Thursday 22 February 2018

Key lessons to be learned from Reds' deserved victory

Manchester United's Marcus Rashford celebrates scoring their first goal with team mates. Photo: Carl Recine/Action Images via Reuters
Manchester United's Marcus Rashford celebrates scoring their first goal with team mates. Photo: Carl Recine/Action Images via Reuters

James Ducker

1 Young striker Rashford is a natural leader

There is something liberating and, at the same time disconcerting, about seeing Manchester United's season largely hanging on the form of a teenager.

On the positive side, though, Marcus Rashford seems blissfully unburdened by the pressure on him.

The England striker has assumed a level of leadership in the absence of Zlatan Ibrahimovic that would consume most 19-year-olds and, just as he came to United's rescue in against Anderlecht with a finish of the highest class, so his free-kick here provided another timely reminder of his vast potential.

Just because Rashford is one of the quickest players in England, doesn't immediately make him a winger, and United seem to have realised that now.

With Ibrahimovic in the side Rashford was pushed out wide, but in his absence the teenager is looking back to his best.

Aside from the goal, as a centre forward, he was allowed to naturally run into channels and drag the centre-backs out of position, something that was often exploited by the likes of Jesse Lingard and Henrikh Mkhitaryan.

2 Killer instinct needs sharpening

When Paul Pogba slipped a lovely through-ball into the path of Mkhitaryan with only Sergio Álvarez, the Celta Vigo goalkeeper, to beat 34 minutes into the piece, Jose Mourinho must have known what was coming.

It is a scenario he has seen more times than he will care to remember this season. Mkhitaryan opened up his body but there was nothing that suggested he was confident he would score. The resulting shot had neither the power nor accuracy to beat Álvarez, who saved relatively comfortably.

For all Mourinho's bleating about injuries and fixture congestion, nothing has undermined United as much as a lack of ruthlessness in front of goal.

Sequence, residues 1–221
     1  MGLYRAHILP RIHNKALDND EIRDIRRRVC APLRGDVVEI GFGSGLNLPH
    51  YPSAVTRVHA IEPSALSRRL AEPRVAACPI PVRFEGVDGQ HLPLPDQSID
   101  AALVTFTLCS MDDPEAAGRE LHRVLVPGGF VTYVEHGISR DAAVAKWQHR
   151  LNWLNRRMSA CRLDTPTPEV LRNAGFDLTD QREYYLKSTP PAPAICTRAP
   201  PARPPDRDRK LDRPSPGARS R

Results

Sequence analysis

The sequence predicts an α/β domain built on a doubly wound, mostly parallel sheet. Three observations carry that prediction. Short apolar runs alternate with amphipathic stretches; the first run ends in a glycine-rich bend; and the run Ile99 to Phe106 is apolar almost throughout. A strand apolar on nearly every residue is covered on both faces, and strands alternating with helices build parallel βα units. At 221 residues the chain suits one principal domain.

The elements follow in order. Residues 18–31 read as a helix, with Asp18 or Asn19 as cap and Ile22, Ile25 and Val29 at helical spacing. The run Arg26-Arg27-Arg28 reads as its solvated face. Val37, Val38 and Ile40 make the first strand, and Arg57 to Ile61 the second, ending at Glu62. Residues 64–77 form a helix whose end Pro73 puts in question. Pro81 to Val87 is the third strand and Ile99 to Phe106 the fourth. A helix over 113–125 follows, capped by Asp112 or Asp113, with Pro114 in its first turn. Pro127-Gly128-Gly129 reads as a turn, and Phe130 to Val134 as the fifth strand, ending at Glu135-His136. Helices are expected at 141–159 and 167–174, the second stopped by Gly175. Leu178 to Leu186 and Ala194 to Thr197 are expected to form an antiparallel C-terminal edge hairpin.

3 These are moderate opponents

Celta Vigo may have beaten Real Madrid and Barcelona this season but there is a reason why they are languishing in 11th place in La Liga, with 16 defeats in 34 matches.

They are a modest side at best, a team that the United of old would have brushed aside with the minimum of fuss, rather than making such heavy weather of it, as they did here.

Celta's purported high-intensity pressing failed to materialise and, for all the pre-match talk about Iago Aspas, the Celta forward looked very much here like the player who failed to make any impression at Liverpool.

Similarly, John Guidetti - honest but workmanlike - underlined why he never played in the Premier League for Manchester City.

4 Pogba's problems

The margins are thin in top level football and, while it would be easy to accuse Paul Pogba of having an underwhelming first season back at United, the reality is that his campaign would be looking very different if he had been playing with more forwards in front of him capable of finishing the defence-splitting passes that he produces.

He made a bursting run for which he should have been awarded a free-kick midway through the first half and then a second towards the end, which should have ended in a Mkhitaryan goal.

It was certainly one of his better games, but, given his strength, skill and passing ability, he should be dominating games like this.

Perhaps it is a little harsh to criticise him for his performance but, given his price-tag, he is always going to gather more harsh reviews than glowing ones.

Pogba is still in the shadow of that and, until he starts dictating games, it will always be used against him (© Daily Telegraph, London)

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